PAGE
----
Next, we evaluated if any of commonly used covariates (i.e., age, gender, and disease stage at diagnosis) and known signatures of lung cancer aggressiveness (from Larsen et al.49, Beer et al.50, and Tang et al.5 described above) can predict therapeutic response or can affect predictive ability of the identified seven candidate pathways. For this, we utilized the multivariable Cox proportional hazards model48 (using coxph function in R) and stratified Kaplan–Meier survival analysis through survival, and survminer packages in R.
Pathway activity read-outs
To identify pathway read-outs, we looked for genes inside each pathway, which were altered on transcriptomic and/or epigenomic levels (i.e., belong to the leading edge from the pathway enrichment analysis); correlated with pathway activity levels (i.e., correlation between NESs and a candidate gene across all patients, measured by Pearson correlation, cor.test function in R); and associated with carboplatin–paclitaxel response (i.e., Cox proportional hazards model through coxph in R, using likelihood-ratio test as reliable for small sample sizes68). Likelihood-ratio test p-values were then combined with Pearson correlation p-values using Fisher’s method (metap R package) and utilized to make final gene selection. Visualization of the resulting read-outs was done using Cytoscape69.
To test the generalizability of our model, we applied our method to additional chemotherapy combinations (i.e., cisplatin–vinorelbine and oxaliplatin–fluorouracil) and additional cancer types (i.e., lung squamous cell carcinoma and colorectal adenocarcinoma) (Supplementary Table 3–5). In particular, we investigated response to: cisplatin (platinum-based alkylating chemotherapy) and vinorelbine (non-platinum-based plant alkaloid chemotherapy) response in lung adenocarcinoma (LUAD); cisplatin–vinorelbine response in lung squamous cell carcinoma (LUSC); and oxaliplatin (platinum-based alkylating chemotherapy), fluorouracil (antimetabolite chemotherapy) and, folinic acid (chemotherapy protective drug often given with fluorouracil to improves the binding; also known as leucovorin) (i.e., FOLFOX) response in colorectal adenocarcinoma (COAD).
For signature development, we utilized primary tumor samples from TCGA-LUAD/TCGA-LUSC/TCGA-COAD (n = 8), for patients without neo-adjuvant treatment (i.e., no pre-treatment), who received adjuvant chemotherapies of interest and were further monitored for new tumor events (as defined above).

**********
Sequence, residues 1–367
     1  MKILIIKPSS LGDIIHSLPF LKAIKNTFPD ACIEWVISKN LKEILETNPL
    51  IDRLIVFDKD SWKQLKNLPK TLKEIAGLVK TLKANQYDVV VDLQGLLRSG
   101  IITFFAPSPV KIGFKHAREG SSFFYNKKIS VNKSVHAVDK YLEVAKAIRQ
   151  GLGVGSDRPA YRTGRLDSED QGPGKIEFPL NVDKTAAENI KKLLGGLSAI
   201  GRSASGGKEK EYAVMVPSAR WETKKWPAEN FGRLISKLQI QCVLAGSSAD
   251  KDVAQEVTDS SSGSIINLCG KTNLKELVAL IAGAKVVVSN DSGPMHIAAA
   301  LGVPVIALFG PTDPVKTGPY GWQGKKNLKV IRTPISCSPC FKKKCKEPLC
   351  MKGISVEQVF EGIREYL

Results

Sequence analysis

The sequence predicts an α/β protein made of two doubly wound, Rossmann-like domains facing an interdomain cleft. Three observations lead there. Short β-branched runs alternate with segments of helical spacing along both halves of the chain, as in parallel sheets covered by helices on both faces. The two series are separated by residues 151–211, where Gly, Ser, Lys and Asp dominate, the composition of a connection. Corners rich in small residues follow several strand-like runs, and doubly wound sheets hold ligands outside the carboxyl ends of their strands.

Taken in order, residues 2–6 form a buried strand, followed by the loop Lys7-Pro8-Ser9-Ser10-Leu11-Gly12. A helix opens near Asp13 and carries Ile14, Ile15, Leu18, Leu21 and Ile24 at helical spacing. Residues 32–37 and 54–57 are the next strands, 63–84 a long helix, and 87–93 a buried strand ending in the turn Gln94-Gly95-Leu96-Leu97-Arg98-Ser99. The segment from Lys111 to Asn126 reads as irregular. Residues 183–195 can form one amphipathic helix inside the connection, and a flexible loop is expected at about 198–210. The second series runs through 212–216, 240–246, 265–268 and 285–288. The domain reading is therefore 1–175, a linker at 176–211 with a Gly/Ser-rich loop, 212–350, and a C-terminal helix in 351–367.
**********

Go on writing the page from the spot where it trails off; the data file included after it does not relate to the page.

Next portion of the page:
For clinical validation of response to cisplatin–vinorelbine combination in LUAD we utilized the Zhu et al. patient cohort4 (GSE14814), which included LUAD tumors obtained at surgery (n = 39), treated with adjuvant cisplatin–vinorelbine chemotherapy. In this cohort, lung cancer-related death was used as a clinical endpoint and time to event was calculated between the start of cisplatin–vinorelbine treatment and lung-cancer-related death (for patients with this event) or to follow-up (for censored patients), with maximum time to event/follow-up 3390 days.
For clinical validation of response to cisplatin–vinorelbine combination in lung squamous cell carcinoma (LUSC) we utilized a different subset of patients from the Zhu et al. patient cohort4 (GSE14814), which were patient with LUSC whose tumors were obtained at surgery (n = 26) and who were treated with adjuvant cisplatin–vinorelbine chemotherapy. In this cohort, lung cancer-related death was used as a clinical endpoint and time to event was calculated between the start of cisplatin–vinorelbine treatment and lung-cancer-related death (for patients with this event) or to follow-up (for censored patients), with maximum time to event/follow-up 3318 days.
Finally, for validation of FOLFOX combination in colorectal adenocarcinoma (COAD) we utilized Marisa et al. patient cohort31 (GSE39582), which includes COAD tumors obtained at surgery (n = 23), treated with adjuvant FOLFOX chemotherapies. In this cohort, relapse-free survival (i.e., where relapse was defined as locoregional or distant recurrence) was used as a clinical endpoint and time to event was calculated between the start of FOLFOX treatment to relapse (for patients with this event) or to follow-up (for censored patients), with maximum time to event/follow-up 2790 days.
To investigate pathways overlaps, we employed Fisher Exact Test (fisher.test function in R) on the leading edge genes from the transcriptomic and epigenomic pathways (i.e., genes that contribute to the enrichment of biological pathways in corresponding signatures). All resulting p-values are corrected for multiple comparisons using FDR.
Statistics and reproducibility